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Chickweed

Chickweed

Common Chickweed is a winter annual with numerous branched stems. It has white flowers in small clusters at the ends of the stems. Its presence indicates very low calcium, very low phosphorus, very high potassium, high sodium, and low humus levels.
Chinch

Chinch

These very small pests are often associated with open, sunny areas and may be as numerous as 150 to 200 insects per square foot. They actively feed on turfgrass with thick thatch that is exposed to full sunlight during periods of hot, dry weather from early July through late August.
Clover

Clover

White clover is a low-growing perennial with creeping stems. It has oval leaves and white flowers arranged in round heads. Its presence indicates high magnesium, high sodium, and high chlorine. Hop clover is a perennial with hairy-branched stems. It has altering leaves with three leaflets and numerous bright yellow flowers on long stalks. Its presence indicates very low calcium, high magnesium, low humus, and sticky soil.
Common Purslane

Common Purslane

Common purslane, a summer annual broadleaf plant grows rapidly in spring and summer that thrives under dry conditions, competing well under irrigated conditions. Purslane’s distinctive succulent foliage is unlikely to be confused with other weed species.
Crabgrass

Crabgrass

Crabgrass is a spreading summer annual. It has a seedhead with two to six finger-like branches. The best control for crabgrass is pre-emergent. Its presence indicates very low calcium, very low phosphorus, high potassium, high magnesium, very high chlorine, and low humus.
Cudweed

Cudweed

In general, cudweeds have basal rosettes and the leaves are covered in distinct fine, white ‘wooly’ fibers. While only some varieties of cudweed have this hair on the undersides of the leaves, others have this hair on all surfaces. Cudweeds overwinter as small basal rosettes, but in the spring usually grow an upright stem.
Cutworm

Cutworm

Cutworms are really caterpillars, moth larvae that hide under the soil during the day, coming out in the dark to feed on plants. Typically, they attack the stem of the plant, often of a seedling, consequently cutting it down.
Dalligrass

Dalligrass

Dallisgrass is a perennial with leaves that are smooth on both surfaces with a few long hairs at the leaf base. There is no pre-emergent control for dallisgrass. Its presence indicates low calcium, high potassium, very high magnesium, high chlorine, and low humus.
Dandelion

Dandelion

Dandelion is a deeply tap rooted, stemless perennial. It has deeply cut leaves and a single yellow flower at the end of each hollow stalk. Its presence indicates very low calcium, very high potassium, high chlorine, and low humus.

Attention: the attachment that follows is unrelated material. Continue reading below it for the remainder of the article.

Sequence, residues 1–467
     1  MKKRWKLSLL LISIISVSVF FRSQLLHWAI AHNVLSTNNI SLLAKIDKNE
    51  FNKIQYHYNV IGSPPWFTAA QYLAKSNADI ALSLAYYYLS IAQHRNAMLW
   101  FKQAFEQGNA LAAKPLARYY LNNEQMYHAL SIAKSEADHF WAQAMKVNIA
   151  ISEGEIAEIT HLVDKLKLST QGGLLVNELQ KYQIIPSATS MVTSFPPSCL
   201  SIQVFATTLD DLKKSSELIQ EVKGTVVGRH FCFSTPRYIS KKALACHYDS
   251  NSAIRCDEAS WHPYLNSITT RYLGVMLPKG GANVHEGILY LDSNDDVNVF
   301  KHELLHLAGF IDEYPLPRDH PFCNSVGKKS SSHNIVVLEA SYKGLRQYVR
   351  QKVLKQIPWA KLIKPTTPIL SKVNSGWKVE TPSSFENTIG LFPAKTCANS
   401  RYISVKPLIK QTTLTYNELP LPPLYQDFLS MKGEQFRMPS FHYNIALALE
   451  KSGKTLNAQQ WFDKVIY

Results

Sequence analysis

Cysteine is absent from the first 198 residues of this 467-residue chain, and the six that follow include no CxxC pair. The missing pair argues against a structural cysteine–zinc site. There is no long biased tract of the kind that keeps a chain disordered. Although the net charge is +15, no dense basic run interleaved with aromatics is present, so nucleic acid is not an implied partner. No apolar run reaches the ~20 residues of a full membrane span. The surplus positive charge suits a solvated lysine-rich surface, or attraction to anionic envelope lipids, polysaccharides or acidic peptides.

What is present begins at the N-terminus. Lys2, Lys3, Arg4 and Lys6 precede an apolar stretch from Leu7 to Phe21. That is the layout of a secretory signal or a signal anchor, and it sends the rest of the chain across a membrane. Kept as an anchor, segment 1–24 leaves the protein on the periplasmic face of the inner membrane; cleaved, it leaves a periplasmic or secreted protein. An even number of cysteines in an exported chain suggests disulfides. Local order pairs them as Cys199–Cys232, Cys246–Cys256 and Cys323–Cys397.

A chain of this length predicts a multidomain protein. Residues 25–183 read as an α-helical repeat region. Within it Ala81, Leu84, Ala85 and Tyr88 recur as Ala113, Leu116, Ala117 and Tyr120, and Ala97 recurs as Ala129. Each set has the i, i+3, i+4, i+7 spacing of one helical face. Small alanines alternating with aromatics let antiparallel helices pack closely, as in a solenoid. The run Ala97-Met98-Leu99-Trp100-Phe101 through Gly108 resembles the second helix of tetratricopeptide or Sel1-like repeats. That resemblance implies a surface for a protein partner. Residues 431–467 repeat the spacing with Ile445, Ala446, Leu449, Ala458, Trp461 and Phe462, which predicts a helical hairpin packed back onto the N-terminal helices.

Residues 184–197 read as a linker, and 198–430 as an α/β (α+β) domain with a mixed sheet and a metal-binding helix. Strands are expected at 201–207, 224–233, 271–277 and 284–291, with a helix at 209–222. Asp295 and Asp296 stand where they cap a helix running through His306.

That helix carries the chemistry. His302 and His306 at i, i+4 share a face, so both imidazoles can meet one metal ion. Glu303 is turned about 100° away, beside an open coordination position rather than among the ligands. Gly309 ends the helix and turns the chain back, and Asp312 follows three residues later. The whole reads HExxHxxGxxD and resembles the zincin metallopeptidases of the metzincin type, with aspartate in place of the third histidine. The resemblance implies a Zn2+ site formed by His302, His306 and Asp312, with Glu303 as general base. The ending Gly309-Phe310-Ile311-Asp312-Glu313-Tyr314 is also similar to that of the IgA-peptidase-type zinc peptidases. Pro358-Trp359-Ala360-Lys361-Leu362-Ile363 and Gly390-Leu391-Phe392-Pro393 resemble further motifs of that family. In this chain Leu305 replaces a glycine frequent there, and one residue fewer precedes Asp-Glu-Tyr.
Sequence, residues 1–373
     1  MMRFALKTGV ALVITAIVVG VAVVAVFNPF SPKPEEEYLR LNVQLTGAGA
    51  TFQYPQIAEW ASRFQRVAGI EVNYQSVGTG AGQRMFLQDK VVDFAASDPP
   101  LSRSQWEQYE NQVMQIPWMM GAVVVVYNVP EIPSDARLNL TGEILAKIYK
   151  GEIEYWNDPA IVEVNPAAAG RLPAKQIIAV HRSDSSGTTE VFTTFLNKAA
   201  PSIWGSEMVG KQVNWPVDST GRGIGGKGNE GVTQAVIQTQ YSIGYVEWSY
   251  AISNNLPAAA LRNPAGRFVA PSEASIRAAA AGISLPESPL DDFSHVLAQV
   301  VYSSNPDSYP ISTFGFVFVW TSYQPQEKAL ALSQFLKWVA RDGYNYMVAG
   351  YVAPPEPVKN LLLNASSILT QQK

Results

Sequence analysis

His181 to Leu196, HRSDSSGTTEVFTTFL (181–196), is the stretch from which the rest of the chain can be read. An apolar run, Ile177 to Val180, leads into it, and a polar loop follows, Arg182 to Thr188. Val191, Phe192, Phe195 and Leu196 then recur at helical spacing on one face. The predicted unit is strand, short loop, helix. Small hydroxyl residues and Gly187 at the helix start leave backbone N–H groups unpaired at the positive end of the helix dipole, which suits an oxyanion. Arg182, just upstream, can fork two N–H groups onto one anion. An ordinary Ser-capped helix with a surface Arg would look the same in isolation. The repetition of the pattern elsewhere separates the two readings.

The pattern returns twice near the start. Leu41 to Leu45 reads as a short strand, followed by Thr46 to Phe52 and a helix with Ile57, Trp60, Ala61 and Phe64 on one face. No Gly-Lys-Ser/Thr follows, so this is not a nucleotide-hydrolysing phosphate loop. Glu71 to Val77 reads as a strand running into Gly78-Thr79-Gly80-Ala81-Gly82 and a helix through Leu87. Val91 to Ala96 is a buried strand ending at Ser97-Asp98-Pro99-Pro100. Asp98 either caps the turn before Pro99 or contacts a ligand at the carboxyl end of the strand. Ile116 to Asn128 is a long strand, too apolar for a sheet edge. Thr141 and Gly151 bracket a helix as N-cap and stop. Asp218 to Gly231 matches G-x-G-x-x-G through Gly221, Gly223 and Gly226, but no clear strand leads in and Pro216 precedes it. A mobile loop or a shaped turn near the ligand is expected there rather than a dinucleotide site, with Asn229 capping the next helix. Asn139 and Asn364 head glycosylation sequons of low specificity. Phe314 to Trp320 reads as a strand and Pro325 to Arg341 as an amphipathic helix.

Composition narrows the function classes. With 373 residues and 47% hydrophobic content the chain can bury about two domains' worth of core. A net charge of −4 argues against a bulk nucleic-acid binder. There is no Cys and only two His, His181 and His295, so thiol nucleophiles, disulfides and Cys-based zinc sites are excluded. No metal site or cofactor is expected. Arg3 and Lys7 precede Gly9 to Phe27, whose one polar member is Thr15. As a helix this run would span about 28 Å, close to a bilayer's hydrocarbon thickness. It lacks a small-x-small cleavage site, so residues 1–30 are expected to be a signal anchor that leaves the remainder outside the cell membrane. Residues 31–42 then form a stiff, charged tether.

Decline

Decline

Turfgrass decline is a take-all root rot disease. Its initial symptom is a yellow patch ranging from six inches to three feet in diameter. There are no visible lesions on the leaves. A majority of the roots under the patch are lost. The patches may become bare and join together to form larger, irregular-shaped areas. It typically appears in late summer through late fall, especially in the southeastern United States. It is most severe during periods with intense rainfall.
Dollar Spot

Dollar Spot

Dollar spot symptoms are typically small, circular, sunken, straw-colored patches of one to two inches in diameter. With severe attacks, the individual spots may join together to form larger, irregular-shaped patches. Lesions may be seen on infected leaves. They typically have a reddish-brown to tan margin and will enlarge across the full width of the leaf blade. Also, multiple lesions may occur on individual blades which cause blighting of the entire leaf.
Dollarweed

Dollarweed

An erect summer annual with alternate, lanceolate leaves that have toothed margins. Fireweed is primarily a weed of pastures, abandoned fields, and some agronomic crops. Its leaves are elliptic to lanceolate in outline, approximately 2 to 8 inches long, and 1/2 to 1/2 inches wide. Their stems are erect, solid, and usually without hairs (though occasionally slightly hairy). Stems range from 1 1/3 to 10 feet in height. This weed grows in the thatch layer which is located above the pre-emergence controls, rendering such controls powerless to stop its growth. Soil deficiencies indicated by this weed include low calcium and phosphorous, high potassium and iron, and excess thatch. Correcting these deficiencies is the most effective way to prevent this weed from growing.
Doveweed

Doveweed

Doveweed is a summer annual weed that usually germinates later in the growing season becoming problematic late in the summer. It closely resembles a grass but upon closer inspection, you will find that doveweed has stems that root at the nodes and purple flowers that appear on short stalks in clusters.
Fairy Ring

Fairy Ring

Fairy rings are caused by many different soilin habiting fungi of the class Basidiomycetes. These fungi can cause the development of rings or arcs of deep green grass as well as unthrifty or dead grass. Fairy ring fungi do not attack grass directly, but break down organic matter in the soil. As a result, nitrogen is released which the grass uses, causing it to grow and develop a contrasting green ring. The mushrooms that appear after rainfall are the fruiting bodies of the fungus.
Fire Ant

Fire Ant

Fire ants usually reveal themselves by their sandy earthy mounds, which are usually more visible after recent rainfall. They nest in the ground looking for food sources: plant seeds, insects, earthworms, ticks, spiders, arthropod eggs and other sweets.

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